There were three awards for Alder Hey Children’s Hospital at the annual North West Coast Research and Innovation Awards, which recognise outstanding work from around the region.
The awards are jointly organised by the Innovation Agency; the National Institute for Health Research (NIHR) Clinical Research Network North West Coast; and NIHR Collaboration for Leadership in Applied Health Research and Care (CLAHRC) North West Coast.
Alder Hey received the Most Innovative Collaboration Award for their ‘Digital Alder Hey’ project, which involves developing an app to help families familiarise themselves with the hospital and distract young patients while they are being treated.
Earlier this year, Alder Hey announced an exciting partnership with the Hartree Centre and IBM Watson to analyse anonymised data collected from patients in an aim to enhance patient experience. This data is being used to build a digital app that will totally transform the experience of children in hospital by bringing comfort, fun and distraction to our patients, while also providing vital information to both them and their parents and carers.
The app is set to include a digital map enabling patients to explore and familiarise themselves with the hospital and their ward before they visit the hospital. They will be able to find out everything they need to know before their visit, from where to park, to what to pack and what their room will look like. The app will also feature gaming and augmented reality, providing entertainment and much needed distraction for patients having procedures.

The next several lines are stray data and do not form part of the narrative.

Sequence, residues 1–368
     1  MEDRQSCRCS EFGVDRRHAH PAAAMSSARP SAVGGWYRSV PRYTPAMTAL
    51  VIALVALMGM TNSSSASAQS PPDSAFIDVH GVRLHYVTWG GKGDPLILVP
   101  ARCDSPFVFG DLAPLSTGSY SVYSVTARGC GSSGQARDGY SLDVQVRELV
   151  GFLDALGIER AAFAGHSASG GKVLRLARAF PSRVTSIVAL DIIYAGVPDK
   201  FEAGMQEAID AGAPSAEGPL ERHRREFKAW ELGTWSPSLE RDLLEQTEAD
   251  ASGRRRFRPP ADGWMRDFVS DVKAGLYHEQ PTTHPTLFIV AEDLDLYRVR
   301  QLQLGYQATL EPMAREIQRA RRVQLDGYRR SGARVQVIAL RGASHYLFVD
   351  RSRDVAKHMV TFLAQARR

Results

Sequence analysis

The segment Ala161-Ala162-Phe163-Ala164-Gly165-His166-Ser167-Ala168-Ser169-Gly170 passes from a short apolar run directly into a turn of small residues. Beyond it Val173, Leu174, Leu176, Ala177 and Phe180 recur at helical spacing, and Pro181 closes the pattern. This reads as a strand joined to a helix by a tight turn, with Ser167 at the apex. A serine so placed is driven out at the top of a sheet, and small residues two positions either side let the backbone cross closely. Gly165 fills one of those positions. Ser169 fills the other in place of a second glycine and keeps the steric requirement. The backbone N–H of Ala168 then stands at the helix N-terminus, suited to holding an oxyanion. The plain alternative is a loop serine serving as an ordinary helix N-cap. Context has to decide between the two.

Work has already begun to develop the first phase of Alder Hey’s app, thanks to the fund-raising and strategic support of Shop Direct, the UK’s second largest online retailer and operator of brands including Very.co.uk and Littlewoods.com. Colleagues at Shop Direct raised £249,000 for the project through activities including mountain climbing, singing, abseiling and baking. Members of Shop Direct’s multi-award winning ecommerce team have also been working with Alder Hey’s innovation team to form an advisory panel and develop the app, providing expert insight and advice on design, development and personalisation.
Tricia Roberts, Innovation Manager said: “Collaboration with experts in other industries and sectors can drive innovations in healthcare. Thanks to the support of Alder Hey Children’s Charity, Shop Direct and Hartree, we have been developing an app that will greatly enhance patient experience and revolutionise patient care.”
Clare White, Chief Executive of Alder Hey Children’s Charity said: “Alder Hey Children’s Charity provides vital funding for patient experience projects at Alder Hey and we are incredibly excited to be involved in such a ground-breaking project. We are also extremely grateful to Shop Direct who have raised £249,000 for us and who have also played an integral part in the first phase of our app development. Shop Direct provide thousands of online customers with the very best digital retail experience every day and we have welcomed their expertise in applying similar principles to our own digital app here at Alder Hey.”